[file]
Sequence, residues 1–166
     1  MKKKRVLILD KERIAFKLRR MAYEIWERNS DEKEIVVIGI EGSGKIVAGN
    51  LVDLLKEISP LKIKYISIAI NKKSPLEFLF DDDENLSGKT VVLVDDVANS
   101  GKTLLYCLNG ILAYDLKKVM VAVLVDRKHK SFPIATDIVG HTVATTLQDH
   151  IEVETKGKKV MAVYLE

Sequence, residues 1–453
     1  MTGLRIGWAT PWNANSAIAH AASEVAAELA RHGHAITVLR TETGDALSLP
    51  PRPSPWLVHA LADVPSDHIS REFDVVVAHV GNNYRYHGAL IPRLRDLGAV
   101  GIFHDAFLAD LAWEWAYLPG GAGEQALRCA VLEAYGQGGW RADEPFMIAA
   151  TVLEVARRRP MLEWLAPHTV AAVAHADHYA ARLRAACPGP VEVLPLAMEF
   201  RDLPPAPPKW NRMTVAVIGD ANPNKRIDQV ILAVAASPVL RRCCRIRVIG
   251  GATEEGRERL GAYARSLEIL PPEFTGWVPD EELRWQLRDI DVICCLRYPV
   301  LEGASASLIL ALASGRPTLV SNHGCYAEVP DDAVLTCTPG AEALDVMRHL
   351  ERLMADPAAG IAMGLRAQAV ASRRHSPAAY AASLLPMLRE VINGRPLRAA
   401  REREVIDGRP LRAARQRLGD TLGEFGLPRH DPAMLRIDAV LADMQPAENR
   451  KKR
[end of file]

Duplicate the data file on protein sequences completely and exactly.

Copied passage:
Sequence, residues 1–166
     1  MKKKRVLILD KERIAFKLRR MAYEIWERNS DEKEIVVIGI EGSGKIVAGN
    51  LVDLLKEISP LKIKYISIAI NKKSPLEFLF DDDENLSGKT VVLVDDVANS
   101  GKTLLYCLNG ILAYDLKKVM VAVLVDRKHK SFPIATDIVG HTVATTLQDH
   151  IEVETKGKKV MAVYLE

Sequence, residues 1–453
     1  MTGLRIGWAT PWNANSAIAH AASEVAAELA RHGHAITVLR TETGDALSLP
    51  PRPSPWLVHA LADVPSDHIS REFDVVVAHV GNNYRYHGAL IPRLRDLGAV
   101  GIFHDAFLAD LAWEWAYLPG GAGEQALRCA VLEAYGQGGW RADEPFMIAA
   151  TVLEVARRRP MLEWLAPHTV AAVAHADHYA ARLRAACPGP VEVLPLAMEF
   201  RDLPPAPPKW NRMTVAVIGD ANPNKRIDQV ILAVAASPVL RRCCRIRVIG
   251  GATEEGRERL GAYARSLEIL PPEFTGWVPD EELRWQLRDI DVICCLRYPV
   301  LEGASASLIL ALASGRPTLV SNHGCYAEVP DDAVLTCTPG AEALDVMRHL
   351  ERLMADPAAG IAMGLRAQAV ASRRHSPAAY AASLLPMLRE VINGRPLRAA
   401  REREVIDGRP LRAARQRLGD TLGEFGLPRH DPAMLRIDAV LADMQPAENR
   451  KKR